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Book Review: The Geographer’s Library by Jon Fasman

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The Geographer’s Library is a literary novel that borrows a lot of chops from the current suspense thriller field. Or maybe it’s a thriller that has an easy, literary approach to character and plot. As I was reading the book I couldn’t make up my mind.

As with a lot of novels coming out these days, the novel concerns a conspiracy and a lot of historical references. It also touches on one of the most talked about mystical items in human history. Even Harry Potter dealt with this object.

The book is Jon Fasman’s only novel so far, but from everything I’ve seen, he should have a long, comfortable career ahead of him. His down-home voice, imagery, research, and attention to detail will bring fans to his writing.

The story is a first-person narrative by a young reporter on a Connecticut paper. Paul Tomm basically intends for the job he’s currently working to be merely a steppingstone to bigger and better things for himself. His relationship with his editor and his wife is one of the highlights of the book. The way they acted around each other, the way the editor took a mentoring role, and the easy, natural dialogue was truly effective. It made me feel like I was peeking in at the newspaper that was probably put out in Mayberry. And that’s a positive thin.

Paul has to “create” news to a degree in the small town, but he doesn’t want to sensationalize anything. However, not everything in a small town is small, as Paul finds out. He’s assigned to do the obituary on a one of the local college professor and finds much more than he bargained for.

Professor Jann Puhapaev has a whole other life that no one in town knew about. When Paul goes to his house, he finds scores of books on all kinds of topics. The collection easily pushes past passion into the field of dark obsession. As Paul pokes around, he gets caught up in an obsession of his own. Who was Professor Puhapaev? And was someone out to kill him?

Following up on the story with his mentor’s blessing, Paul soon uncovers more than he can handle. The editor also calls in larger papers to back the story as Paul find out more of the truth and realizes that it’s an international story, complete with internationally scaled villains. The pathologist that the editor calls in to do a deeper autopsy on Puhapaev ends up dying in an accident. And things get weirder and more dangerous from there.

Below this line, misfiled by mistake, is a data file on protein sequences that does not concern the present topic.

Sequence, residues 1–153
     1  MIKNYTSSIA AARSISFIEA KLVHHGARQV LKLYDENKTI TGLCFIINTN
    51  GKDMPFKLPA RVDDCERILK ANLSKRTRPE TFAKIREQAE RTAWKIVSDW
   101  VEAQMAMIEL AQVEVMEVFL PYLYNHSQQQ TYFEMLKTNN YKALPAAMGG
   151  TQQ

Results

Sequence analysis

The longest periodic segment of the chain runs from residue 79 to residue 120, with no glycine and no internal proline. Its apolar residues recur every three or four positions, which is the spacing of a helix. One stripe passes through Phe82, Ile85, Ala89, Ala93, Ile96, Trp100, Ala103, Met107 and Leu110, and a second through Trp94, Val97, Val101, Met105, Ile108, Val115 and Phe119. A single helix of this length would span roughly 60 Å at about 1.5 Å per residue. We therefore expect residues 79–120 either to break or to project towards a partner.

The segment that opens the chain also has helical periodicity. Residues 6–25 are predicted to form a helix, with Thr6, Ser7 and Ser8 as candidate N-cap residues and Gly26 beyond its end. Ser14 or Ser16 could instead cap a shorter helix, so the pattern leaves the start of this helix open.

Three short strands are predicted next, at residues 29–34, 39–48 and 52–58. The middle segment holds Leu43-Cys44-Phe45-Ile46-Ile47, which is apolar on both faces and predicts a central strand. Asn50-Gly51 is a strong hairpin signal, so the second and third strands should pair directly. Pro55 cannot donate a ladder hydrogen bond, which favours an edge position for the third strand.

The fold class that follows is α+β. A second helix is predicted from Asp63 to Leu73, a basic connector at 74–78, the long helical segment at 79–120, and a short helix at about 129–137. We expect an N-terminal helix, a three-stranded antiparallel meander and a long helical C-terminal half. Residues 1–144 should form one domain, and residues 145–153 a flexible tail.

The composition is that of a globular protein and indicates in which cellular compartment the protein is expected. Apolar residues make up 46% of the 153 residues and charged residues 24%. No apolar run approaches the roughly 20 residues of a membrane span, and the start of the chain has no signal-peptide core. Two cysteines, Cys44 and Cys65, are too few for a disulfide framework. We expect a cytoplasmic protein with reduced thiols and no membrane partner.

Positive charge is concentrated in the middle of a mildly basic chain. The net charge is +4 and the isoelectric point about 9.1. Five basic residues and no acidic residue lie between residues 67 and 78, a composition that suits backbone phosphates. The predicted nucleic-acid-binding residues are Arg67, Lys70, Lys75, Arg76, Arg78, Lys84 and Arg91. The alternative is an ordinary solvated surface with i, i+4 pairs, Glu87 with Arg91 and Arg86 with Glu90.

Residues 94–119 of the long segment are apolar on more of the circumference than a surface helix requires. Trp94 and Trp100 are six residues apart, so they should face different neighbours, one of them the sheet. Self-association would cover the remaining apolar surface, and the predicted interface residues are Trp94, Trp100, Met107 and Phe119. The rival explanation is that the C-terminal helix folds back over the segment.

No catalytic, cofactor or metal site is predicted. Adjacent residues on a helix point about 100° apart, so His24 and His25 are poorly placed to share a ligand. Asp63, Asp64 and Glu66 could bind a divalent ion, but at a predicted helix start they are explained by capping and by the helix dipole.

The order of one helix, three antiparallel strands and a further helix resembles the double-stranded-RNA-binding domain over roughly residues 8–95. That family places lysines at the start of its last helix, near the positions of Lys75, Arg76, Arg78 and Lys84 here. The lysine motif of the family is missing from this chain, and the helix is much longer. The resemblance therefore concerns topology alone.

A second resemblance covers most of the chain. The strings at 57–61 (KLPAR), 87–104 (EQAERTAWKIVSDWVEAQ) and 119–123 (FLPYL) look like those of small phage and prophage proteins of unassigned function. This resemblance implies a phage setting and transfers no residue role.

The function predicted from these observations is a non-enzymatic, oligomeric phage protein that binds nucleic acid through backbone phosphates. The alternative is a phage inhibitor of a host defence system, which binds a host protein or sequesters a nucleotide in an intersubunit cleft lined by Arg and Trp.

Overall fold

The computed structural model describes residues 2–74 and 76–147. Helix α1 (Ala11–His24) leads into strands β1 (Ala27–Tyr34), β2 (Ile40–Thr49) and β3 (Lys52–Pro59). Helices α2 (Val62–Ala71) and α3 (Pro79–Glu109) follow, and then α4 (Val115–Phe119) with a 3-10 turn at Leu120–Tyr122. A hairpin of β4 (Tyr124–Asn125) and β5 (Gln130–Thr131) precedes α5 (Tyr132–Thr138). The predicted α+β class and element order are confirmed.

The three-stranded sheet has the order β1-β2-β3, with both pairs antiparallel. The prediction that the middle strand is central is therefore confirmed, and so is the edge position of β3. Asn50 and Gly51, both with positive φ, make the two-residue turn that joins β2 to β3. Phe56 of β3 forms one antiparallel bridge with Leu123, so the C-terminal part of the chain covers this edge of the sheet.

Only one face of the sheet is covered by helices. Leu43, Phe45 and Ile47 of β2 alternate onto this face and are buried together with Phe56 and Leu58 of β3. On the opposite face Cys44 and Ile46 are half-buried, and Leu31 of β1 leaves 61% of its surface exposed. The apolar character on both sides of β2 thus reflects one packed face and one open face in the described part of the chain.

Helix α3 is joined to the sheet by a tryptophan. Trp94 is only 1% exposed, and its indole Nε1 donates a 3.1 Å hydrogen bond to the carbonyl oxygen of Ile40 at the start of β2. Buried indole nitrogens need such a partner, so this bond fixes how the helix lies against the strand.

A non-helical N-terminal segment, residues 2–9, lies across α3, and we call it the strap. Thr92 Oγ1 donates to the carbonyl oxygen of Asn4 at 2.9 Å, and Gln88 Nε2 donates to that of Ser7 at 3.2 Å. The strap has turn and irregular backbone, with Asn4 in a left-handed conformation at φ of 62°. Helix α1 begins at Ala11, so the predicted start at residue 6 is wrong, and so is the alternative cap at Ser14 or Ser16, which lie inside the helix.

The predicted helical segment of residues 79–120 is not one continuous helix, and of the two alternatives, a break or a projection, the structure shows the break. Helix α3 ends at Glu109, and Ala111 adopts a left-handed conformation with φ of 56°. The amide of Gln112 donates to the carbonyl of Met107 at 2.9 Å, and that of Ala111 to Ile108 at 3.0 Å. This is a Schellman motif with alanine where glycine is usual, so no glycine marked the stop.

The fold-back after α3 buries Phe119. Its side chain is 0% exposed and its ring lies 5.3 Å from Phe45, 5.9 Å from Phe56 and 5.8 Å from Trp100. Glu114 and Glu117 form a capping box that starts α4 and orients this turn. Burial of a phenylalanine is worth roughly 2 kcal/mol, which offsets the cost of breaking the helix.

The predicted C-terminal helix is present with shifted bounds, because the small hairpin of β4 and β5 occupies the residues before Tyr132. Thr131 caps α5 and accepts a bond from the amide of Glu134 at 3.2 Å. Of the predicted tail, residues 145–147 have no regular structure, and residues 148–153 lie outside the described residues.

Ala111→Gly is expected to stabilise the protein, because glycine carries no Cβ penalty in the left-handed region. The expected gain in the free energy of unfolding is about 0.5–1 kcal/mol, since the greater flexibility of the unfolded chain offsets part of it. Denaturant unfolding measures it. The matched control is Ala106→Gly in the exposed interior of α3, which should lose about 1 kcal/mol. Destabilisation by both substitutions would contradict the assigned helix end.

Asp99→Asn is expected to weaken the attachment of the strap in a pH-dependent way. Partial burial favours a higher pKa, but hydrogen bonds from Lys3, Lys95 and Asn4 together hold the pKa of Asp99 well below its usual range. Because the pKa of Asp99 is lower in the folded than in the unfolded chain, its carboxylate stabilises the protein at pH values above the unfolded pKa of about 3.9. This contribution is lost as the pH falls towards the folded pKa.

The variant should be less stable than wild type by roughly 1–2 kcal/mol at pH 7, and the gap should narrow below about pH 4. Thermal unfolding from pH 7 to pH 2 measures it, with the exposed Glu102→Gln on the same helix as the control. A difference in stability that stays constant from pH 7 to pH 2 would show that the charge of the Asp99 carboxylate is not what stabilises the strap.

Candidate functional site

The novel divides up into two novels. One is Paul’s story of his investigation into the death, life, and passion of the professor. But the other is a collection of interesting accounts regarding 15 different items. These accounts are wonderfully written, filled with research and drawn in a deft narrative that is much different than Paul’s first-person account.

However, this division also works against the book. Every time I settled in for Paul’s story and would get hooked on the investigation, the next chapter would be about one of the mystery items. The writing style changed, as well as the focus of the story, and I’d become engrossed in that. Then it would end abruptly without any real connective tissue to tie it to the next chapter or even Paul’s story. It got frustrating to a degree because I constantly had to shift gears. It got easy to read only a chapter at a time before moving on to the next.

In the end, there is a grand conspiracy, but it plays out almost as a denouement as the book closes down. The book rewards the reader, but the reward is smaller than the reader would have hoped for. The driving action of the best adrenaline-laced thrillers is missing here. The story kind up bumps along to a finish that answers all the questions but lacks the real impetus for why all the questions were being asked in the first place.

Fasman has a lot of promise and undoubtedly a great career ahead of him. The Geographer’s Library is rough in places and creaks with the jamming together of the two sides of the story, but it’s plain Fasman has a lot of talent. When he gets his second book out, I’m going to pick up a copy.

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